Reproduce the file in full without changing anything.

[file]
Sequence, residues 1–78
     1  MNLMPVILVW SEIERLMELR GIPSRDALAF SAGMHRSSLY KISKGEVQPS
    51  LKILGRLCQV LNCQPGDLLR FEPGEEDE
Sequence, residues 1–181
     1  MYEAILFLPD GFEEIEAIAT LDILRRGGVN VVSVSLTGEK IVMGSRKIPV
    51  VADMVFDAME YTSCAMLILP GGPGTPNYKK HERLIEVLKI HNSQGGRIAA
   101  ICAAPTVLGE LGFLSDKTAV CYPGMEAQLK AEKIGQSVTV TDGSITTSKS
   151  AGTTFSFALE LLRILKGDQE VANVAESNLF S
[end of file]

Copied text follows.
Sequence, residues 1–78
     1  MNLMPVILVW SEIERLMELR GIPSRDALAF SAGMHRSSLY KISKGEVQPS
    51  LKILGRLCQV LNCQPGDLLR FEPGEEDE
Sequence, residues 1–181
     1  MYEAILFLPD GFEEIEAIAT LDILRRGGVN VVSVSLTGEK IVMGSRKIPV
    51  VADMVFDAME YTSCAMLILP GGPGTPNYKK HERLIEVLKI HNSQGGRIAA
   101  ICAAPTVLGE LGFLSDKTAV CYPGMEAQLK AEKIGQSVTV TDGSITTSKS
   151  AGTTFSFALE LLRILKGDQE VANVAESNLF S